The activities of different preparations of lipase from H. pseudokoningii on the hydrolysis of racemic mixtures were investigated by adding the enzyme preparations (0.3 g) to 3.0 mL of 5.0 mM (R,S)-substrate under mechanical stirring. At different times, the degree of hydrolysis was measured by reverse-phase HPLC (Spectra Physics SP 100 coupled with a Spectra Physics SP 8450UV detector) on a Kromasil C18 (25 cm × 0.4 cm) column supplied by Analysis Vinicos (Tomelloso, Spain) using the corresponding mobile phase and flow rates listed in Section 3.11 below. The elution was monitored by recording the absorbance at 254 nm. Triplicates (at least) of each assay were made and experimental error was never higher than 5%.

3.11. Mobile Phases

Enzymatic Hydrolysis of Racemic-2-hydroxy-4-phenylbutanoic Acid Ethyl Ester (rac-HPBE)

The mobile phase consisted of acetonitrile (40%) and 10 mM ammonium phosphate buffer (60%) at pH 2.9 and a flow rate of 1.0 mL/min.

Enzymatic Hydrolysis of Racemic Butyryl-2-phenylacetic Acid (rac-BPA)

The mobile phase consisted of acetonitrile (35%) and 10 mM ammonium phosphate buffer (65%) at pH 2.5 and a flow rate of 1.5 mL/min.

Enzymatic Hydrolysis of Racemic Methyl Mandelate (rac-MEMA)

The mobile phase consisted of acetonitrile (40%) and 10 mM ammonium phosphate buffer (60%) at pH 2.9 and a flow rate of 1.0 mL/min.

Enzymatic Hydrolysis of Racemic 1-Phenylethanol Acetate (rac-AFE)

The mobile phase consisted of acetonitrile (40%) and 10 mM ammonium phosphate buffer (60%) at pH 2.9 and a flow rate of 1.0 mL/min.

3.12. Determination of Enantiomeric Excess (ee)

At different degrees of conversion, the ee of the produced acid was analyzed by chiral reverse-phase HPLC. The column was a Chiracel OD-R, the mobile phase was an isocratic mixture of 5% acetonitrile and 95% ammonium phosphate 10 mM, at pH 2.3 and the analyzes were performed at a flow rate of 0.5 mL/min by recording the absorbance at 225 nm. Except by rac-MEMA, the mobile phase was an isocratic mixture of 30% acetonitrile and 70% ammonium phosphate 10 mM, pH 2.3.

3.13. Calculation of E (Enantiomeric Ratio)-Values

The E-value was calculated from the ratio between the enantiomers of both released acid. Conversion degree was always between 10% and 15%. The formula used was the one reported by Chen et al. [42]:
E = ln [ ( 1 X ) ( 1 e e ) ] [ ( 1 X ) ( 1 + e e ) ]
where X: conversion; ee: enantiomeric excess.

3.14. Reproducibility of Experiments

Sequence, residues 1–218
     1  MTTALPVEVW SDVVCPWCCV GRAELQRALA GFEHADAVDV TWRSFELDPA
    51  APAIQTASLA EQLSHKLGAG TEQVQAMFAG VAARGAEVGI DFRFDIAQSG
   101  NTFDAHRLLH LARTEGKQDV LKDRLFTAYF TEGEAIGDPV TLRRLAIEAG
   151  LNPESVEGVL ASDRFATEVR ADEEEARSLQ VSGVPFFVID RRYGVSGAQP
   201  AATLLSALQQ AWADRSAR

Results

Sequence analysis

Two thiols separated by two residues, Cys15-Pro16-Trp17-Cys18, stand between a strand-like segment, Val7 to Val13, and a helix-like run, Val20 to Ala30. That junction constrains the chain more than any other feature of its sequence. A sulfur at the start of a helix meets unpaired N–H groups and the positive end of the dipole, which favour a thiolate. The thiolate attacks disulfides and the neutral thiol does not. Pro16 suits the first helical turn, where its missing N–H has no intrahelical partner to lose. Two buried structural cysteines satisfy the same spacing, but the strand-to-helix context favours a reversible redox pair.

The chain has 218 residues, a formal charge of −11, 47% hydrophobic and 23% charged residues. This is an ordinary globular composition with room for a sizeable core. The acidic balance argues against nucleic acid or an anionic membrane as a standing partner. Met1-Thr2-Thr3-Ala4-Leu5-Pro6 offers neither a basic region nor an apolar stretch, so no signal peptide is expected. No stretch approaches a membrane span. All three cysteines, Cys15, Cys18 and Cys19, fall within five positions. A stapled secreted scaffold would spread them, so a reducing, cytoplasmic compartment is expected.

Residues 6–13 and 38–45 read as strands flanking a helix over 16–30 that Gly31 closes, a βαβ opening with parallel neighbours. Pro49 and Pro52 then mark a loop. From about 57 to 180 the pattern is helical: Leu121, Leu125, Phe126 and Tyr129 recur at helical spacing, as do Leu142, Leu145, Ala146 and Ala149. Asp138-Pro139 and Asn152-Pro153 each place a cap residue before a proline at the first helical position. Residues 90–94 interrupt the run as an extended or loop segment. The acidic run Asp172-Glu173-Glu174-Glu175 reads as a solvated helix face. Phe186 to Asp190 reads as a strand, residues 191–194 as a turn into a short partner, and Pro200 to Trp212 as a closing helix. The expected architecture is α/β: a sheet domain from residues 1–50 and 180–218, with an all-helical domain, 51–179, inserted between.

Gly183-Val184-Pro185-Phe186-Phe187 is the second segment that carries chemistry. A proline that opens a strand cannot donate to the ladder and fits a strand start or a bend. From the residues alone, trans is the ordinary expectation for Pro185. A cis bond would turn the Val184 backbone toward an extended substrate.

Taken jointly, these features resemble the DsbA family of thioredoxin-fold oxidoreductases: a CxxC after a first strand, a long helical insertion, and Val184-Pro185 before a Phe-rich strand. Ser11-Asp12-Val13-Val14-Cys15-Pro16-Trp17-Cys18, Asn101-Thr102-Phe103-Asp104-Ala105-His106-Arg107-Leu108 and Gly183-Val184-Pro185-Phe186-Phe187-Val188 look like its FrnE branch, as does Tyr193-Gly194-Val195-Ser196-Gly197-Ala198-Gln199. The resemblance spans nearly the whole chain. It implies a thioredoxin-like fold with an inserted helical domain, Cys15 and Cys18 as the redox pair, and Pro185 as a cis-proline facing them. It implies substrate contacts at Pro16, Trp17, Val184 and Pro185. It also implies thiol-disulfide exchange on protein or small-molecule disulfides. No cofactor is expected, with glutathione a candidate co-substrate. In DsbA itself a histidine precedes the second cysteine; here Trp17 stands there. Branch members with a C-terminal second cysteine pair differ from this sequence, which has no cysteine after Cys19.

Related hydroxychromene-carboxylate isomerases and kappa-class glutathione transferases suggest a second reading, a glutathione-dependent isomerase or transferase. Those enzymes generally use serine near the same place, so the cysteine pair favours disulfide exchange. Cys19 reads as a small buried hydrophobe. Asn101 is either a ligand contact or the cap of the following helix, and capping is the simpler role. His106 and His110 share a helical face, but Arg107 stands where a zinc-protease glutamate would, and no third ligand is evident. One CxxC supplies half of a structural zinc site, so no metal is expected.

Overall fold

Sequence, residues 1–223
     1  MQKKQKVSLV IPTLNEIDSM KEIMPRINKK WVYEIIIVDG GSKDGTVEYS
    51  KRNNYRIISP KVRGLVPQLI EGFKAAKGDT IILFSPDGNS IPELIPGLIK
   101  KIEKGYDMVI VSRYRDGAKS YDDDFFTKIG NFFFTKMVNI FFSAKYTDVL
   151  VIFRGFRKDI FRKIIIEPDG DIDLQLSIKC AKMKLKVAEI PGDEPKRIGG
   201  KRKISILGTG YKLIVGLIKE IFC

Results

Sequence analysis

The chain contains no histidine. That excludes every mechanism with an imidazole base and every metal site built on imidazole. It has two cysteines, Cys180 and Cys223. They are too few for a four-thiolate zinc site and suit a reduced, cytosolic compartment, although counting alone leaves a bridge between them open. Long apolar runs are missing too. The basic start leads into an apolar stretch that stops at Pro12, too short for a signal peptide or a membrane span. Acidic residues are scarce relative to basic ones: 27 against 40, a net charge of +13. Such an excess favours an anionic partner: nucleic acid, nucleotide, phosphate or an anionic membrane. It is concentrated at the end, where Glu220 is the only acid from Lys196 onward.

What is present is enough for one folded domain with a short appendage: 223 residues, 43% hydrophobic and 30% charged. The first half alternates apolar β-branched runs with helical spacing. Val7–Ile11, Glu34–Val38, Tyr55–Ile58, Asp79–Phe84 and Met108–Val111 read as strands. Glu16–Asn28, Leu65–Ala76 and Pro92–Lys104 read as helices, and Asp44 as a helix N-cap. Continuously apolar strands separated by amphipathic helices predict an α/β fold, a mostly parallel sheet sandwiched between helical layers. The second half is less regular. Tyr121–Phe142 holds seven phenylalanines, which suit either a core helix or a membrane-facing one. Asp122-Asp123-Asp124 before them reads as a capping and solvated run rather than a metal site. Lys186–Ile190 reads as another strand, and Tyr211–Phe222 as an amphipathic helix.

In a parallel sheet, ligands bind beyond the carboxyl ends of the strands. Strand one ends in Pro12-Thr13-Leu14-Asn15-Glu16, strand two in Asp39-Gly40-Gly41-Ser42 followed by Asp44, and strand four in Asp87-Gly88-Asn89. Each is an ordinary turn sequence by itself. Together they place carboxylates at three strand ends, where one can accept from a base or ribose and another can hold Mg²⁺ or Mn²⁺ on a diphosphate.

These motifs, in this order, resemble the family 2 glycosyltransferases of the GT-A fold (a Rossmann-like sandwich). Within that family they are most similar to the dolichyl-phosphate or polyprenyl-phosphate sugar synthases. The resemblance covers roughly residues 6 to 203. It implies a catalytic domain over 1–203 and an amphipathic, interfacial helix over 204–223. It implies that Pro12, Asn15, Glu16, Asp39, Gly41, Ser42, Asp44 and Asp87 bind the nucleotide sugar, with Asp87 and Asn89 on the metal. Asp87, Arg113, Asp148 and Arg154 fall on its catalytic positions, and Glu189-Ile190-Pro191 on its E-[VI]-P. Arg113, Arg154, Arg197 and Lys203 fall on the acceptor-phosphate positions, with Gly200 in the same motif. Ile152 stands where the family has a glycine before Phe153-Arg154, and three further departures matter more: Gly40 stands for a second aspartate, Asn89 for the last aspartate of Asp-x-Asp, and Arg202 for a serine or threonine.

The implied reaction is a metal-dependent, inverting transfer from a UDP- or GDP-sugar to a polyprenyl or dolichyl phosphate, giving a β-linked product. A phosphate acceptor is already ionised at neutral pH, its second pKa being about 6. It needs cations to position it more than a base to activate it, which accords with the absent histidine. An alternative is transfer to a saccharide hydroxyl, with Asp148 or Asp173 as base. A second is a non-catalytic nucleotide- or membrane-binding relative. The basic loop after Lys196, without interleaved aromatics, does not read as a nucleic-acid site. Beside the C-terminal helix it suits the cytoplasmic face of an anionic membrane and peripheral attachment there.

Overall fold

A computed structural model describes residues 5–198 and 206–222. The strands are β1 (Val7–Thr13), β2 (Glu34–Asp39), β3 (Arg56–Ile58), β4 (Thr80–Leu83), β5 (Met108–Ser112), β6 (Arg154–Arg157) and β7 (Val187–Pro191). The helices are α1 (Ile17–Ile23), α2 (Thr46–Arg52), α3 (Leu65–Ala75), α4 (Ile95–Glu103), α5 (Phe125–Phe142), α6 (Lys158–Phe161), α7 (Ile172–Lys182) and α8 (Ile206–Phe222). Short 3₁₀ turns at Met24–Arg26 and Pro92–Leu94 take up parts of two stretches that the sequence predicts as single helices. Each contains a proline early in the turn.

All experiments were performed at least three times to confirm the results obtained and the standard.

4. Conclusions

The lipase from H. pseudokoningii was successfully immobilized in all the supports tested and besides, hyperactivation was attained with several of them. Best results were obtained when the lipase was covalently immobilized on glutaraldehyde-activated supports. Furthermore, lipase was highly stabilized in relation to temperature and the presence of denaturating solvents. The higher stabilization was attained with cyclohexane as solvent. Derivatives also showed enough recycling capability, suggesting possible applicability in industrial processes aimed at the hydrolysis of fats and oils.

Acknowledgments

This work was supported by grants from Fundação de Amparo à Pesquisa do Estado de São Paulo (FAPESP, process No. 2013/50892-5; 2010/52322-3), Conselho de Desenvolvimento Científico e Tecnológico (CNPq process No. 406838/2013-5; 563260/2010-6). This project is also part of the National Institute of Science and Technology of the Bioethanol (No. 574002/2008-1), CNPq—Ciência sem Fronteira (No. 242775/2012-8). JAJ and MLTMP are Research Fellows of CNPq. MGP and ACV are supported by CNPq. FDAF was recipient of a FAPESP Fellowship. The authors assure that there is no conflict of interest. We thank Ricardo F. Alarcon and Mauricio de Oliveira for the technical assistance.

Author Contributions

This work is part of the postdoctoral of M.G.P., and she is the main author. S.V.-L., A.M.P., and P.R.H. partially collaborated in the experiments with chemical synthesis reaction (HPLC and substrates drawings used). S.M.-P. and G.F.-L. performed fish hydrolysis oils and its analysis in HPLC. F.D.A.F. and A.C.V. assisted in enzymes reaction, and discussion of experiments. B.C.P. and J.A.J. were responsible for designing the experiments. J.M.G., M.C. and M.L.T.M.P. contributed to the experimental design and the final manuscript. All authors read and approved the final manuscript.

Conflicts of Interest

The authors declare no conflict of interest.

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  • Sample Availability: Samples of the compounds are available from the authors.
Figure 1. Schematic representation of the derivatives (enzyme immobilized + support) used in the present work. (A) GX; (B) CNBr (control); (C) GA; (D) GA-crosslink.
Figure 1. Schematic representation of the derivatives (enzyme immobilized + support) used in the present work. (A) GX; (B) CNBr (control); (C) GA; (D) GA-crosslink.
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Figure 2. Thermal stability of lipases adsorbed on covalent supports. (A) 50 °C; (B) 60 °C; (C) 70 °C. Symbols: ■ CNBr derivative; ● GA-crosslink derivative; □ GX derivative; ○ GA derivative.